It comes as no surprise that we’re stressed. One in four Canadians cite stress as the reason for leaving their job, while 73 per cent of all working adults aged 20 to 64 report at least some level of stress.
According to Statistics Canada, 23 per cent of people over the age of 15 report that most days are “quite a bit” or “extremely” stressful, and that number rises to 30 per cent among the 35 to 54 age group.
Work is the leading cause of stress among our population, followed (albeit far behind) by finances, but the addition of new modern concerns — like terrorism and the state of the environment — are adding to the load. In addition, they’re changing how we as a society look at stress and who we consider to be the most stressed among us.
The General Social Survey conducted in 2010 found that educated, white-collar professionals were more likely to report their job as the largest source of stress, 45 per cent of whom had an annual income of $100,000 or more; immigrants, visible minority groups and those without a post-secondary education were more likely to pin their stress on finances.
“Initially the message was clear: people doing important or difficult work under pressure were particularly susceptible,” Jill Kirby, a teaching fellow at the University of Sussex, wrote in The Conversation. “The Daily Mirror carried stories about the risk to students from elite universities and suggested that ‘the boss got more ‘stress disorders’ than those working under him.'”
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Over time, society began to grasp just how far-reaching the hand of stress could be. As Daniel Akst wrote in the New York Times in 2004, traditionally, the media painted the most stressed population as educated, middle-class professionals who, in fact, had the luxury of making choices that would lead to less stress.
But that largely glossed over the lower classes who had more pressing issues that precluded them from de-stressing:
“Those who are paid $7 or $8 an hour don’t have health insurance and lack the skills or education to better their lot.”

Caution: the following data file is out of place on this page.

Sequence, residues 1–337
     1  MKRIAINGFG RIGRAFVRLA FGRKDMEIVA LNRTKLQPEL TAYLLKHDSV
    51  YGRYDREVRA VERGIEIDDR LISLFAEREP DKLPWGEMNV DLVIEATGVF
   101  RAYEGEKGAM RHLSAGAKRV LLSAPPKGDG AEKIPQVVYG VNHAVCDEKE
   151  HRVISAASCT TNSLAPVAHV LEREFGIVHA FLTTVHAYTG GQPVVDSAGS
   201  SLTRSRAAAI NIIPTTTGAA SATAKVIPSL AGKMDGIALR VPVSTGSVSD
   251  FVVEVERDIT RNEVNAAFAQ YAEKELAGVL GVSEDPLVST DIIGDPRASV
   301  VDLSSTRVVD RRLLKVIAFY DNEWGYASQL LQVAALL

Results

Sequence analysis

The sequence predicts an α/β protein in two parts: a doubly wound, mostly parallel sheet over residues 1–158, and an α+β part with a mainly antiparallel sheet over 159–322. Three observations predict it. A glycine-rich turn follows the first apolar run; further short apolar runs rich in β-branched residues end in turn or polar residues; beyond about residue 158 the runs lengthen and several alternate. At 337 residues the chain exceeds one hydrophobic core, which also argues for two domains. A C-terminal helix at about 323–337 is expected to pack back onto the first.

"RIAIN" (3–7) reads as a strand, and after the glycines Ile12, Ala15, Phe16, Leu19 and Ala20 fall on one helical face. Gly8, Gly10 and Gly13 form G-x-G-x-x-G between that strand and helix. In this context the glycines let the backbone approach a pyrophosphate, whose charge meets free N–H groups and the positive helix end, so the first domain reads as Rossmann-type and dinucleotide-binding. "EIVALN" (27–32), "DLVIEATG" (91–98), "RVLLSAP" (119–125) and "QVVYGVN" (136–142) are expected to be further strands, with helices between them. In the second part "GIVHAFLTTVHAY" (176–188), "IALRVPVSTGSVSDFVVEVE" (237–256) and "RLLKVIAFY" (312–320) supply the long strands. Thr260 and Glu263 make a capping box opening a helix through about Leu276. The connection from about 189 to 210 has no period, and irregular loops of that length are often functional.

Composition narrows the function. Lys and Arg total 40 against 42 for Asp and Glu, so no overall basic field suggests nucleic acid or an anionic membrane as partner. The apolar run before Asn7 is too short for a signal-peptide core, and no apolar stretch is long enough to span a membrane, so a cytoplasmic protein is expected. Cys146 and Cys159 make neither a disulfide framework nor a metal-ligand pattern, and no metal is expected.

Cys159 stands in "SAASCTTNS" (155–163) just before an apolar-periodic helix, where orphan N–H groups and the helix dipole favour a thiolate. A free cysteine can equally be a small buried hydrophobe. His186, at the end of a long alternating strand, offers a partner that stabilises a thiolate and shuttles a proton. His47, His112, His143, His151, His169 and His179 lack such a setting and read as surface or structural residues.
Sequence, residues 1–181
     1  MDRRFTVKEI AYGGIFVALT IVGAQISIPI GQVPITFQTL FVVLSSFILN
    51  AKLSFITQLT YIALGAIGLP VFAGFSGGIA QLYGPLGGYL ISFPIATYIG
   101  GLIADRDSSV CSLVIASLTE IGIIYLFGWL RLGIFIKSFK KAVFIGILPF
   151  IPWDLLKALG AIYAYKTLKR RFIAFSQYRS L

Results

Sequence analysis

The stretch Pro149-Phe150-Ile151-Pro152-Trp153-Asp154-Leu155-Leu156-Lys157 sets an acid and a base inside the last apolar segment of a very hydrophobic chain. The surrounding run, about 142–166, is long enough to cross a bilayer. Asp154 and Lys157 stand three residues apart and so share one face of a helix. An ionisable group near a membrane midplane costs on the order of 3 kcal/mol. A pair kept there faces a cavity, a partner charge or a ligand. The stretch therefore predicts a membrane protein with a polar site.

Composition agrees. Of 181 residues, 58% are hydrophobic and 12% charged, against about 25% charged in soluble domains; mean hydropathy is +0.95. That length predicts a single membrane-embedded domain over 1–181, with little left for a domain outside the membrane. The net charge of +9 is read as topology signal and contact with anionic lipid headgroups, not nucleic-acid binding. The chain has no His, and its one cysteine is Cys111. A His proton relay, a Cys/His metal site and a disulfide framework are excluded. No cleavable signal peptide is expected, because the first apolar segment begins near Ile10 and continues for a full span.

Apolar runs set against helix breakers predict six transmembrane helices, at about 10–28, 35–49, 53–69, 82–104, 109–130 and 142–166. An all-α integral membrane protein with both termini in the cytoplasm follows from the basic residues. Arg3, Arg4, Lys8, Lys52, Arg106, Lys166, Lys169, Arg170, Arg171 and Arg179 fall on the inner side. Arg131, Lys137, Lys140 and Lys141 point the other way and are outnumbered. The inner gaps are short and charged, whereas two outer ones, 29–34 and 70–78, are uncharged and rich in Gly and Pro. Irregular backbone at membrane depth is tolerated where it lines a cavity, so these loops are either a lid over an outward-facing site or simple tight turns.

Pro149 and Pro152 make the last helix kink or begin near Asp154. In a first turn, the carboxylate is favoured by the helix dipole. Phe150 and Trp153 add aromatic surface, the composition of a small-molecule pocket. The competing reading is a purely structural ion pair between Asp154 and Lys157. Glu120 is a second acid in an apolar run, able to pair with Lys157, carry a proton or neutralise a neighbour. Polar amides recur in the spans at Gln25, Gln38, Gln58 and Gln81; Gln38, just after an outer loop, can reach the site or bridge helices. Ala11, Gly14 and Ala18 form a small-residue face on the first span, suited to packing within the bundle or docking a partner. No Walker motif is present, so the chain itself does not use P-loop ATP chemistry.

Add to that life-altering events that worked to shake Westerners’ sense of security in the world, and stress was suddenly democratized.
“Events like 9/11 made terrorism global, and that transcended a lot of cultural perceptions and definitions of stress,” says Dr. Richard Amaral, a registered psychologist in Markham, Ont. “Suddenly, people of all financial and social status were now susceptible and we realized how vulnerable all of society was. That kind of awareness brought the concept of stress to the forefront for people of all races and socioeconomic status.”
But the profile of those most susceptible to stress and its negative outcomes has been further refined in recent years. Here’s what we know today.
For starters, young people are excessively stressed out these days. A study published in December in the journal Psychological Bulletin found that there was a 33 per cent spike in two types of perfectionism among college students in Canada, the U.S. and the U.K.: “self-oriented,” or having high expectations of yourself, and “other-oriented,” where they have rigorous standards for others.
In its most acute forms, the researchers say, the stress of perfectionism can lead to eating disorders, high blood pressure, depression and thoughts of suicide.
“The younger generation feels a lot more stress today than they did in the past,” says Dr. Katy Kamkar, a clinical psychologist at Toronto’s Centre for Addiction and Mental Health.
“There are worries about being educated and not being able to find a job; concerns about cost of living and debt that’s causing them to live with their parents longer. All this translates to more stress. And we know that 70 per cent of mental health problems are onset in younger years.”
The advent of technology adds another layer to young people’s stress, experts say. For one thing, it makes them more susceptible to cyberbullying, and for another, it is affecting their ability to focus and relax.
“A lot of young people are having difficulty maintaining their attention span because they’re always looking to see what’s coming through on social media,” Amaral says.